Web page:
Everett has a sensory food aversion. It’s not real severe, but it’s there. And, it will be a long, slow process to overcome with the occupational therapist. I can’t help but feel my Everett is being picked on. If it’s not one thing, it’s another.

On the drive home, I started mentally tallying all the obstacles he has faced in his short little life:

Two abdominal surgeries, NG tubes, loads of medications, open heart surgery, reflux, physical therapy for torticollis, plagiocephaly, the helmet, most likely another helmet, and now a sensory food aversion.

Then, I ended my pity party because, really, there are far more things to be grateful for than not.

I am thankful he is home in my arms. I am thankful it’s not his heart that brings us to the hospital this time. I am thankful he is healthy. I am thankful for his smiles and that he is happy. I am thankful that he can hear the “I love you’s” and sweet lullabies we sing. I am thankful he can see the wonders of this life and how his older brother delights him. I am thankful he has the voice to laugh and cry and say “Ma Ma” – and, eventually “Da Da” 😉 I am thankful he can roll and scoot to explore the world around him. I am thankful he can feel my kisses and snuggles. And, I am thankful he can take food through his mouth even if he’d rather not.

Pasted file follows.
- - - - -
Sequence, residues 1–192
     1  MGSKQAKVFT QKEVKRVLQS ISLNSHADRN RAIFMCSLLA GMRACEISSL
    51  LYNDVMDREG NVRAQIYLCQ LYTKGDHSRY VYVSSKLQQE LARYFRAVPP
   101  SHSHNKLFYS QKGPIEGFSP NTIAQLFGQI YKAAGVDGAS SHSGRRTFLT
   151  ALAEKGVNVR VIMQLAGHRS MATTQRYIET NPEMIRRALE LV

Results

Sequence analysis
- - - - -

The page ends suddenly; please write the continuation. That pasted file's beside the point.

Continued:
I am thankful he is ours.

While today I am thankful, that doesn’t mean I won’t feel frustrated or upset tomorrow or the next day or the day after. I’m only human. Each day we have a choice. We can feel sorry for ourselves, or we can focus on our blessings. And, some days we just want to feel sorry. Some days we need that pity party. But, for me, that day is not today.

On a day that I didn’t get the answer I wanted, and I would much rather pout, I give thanks instead. I am thankful.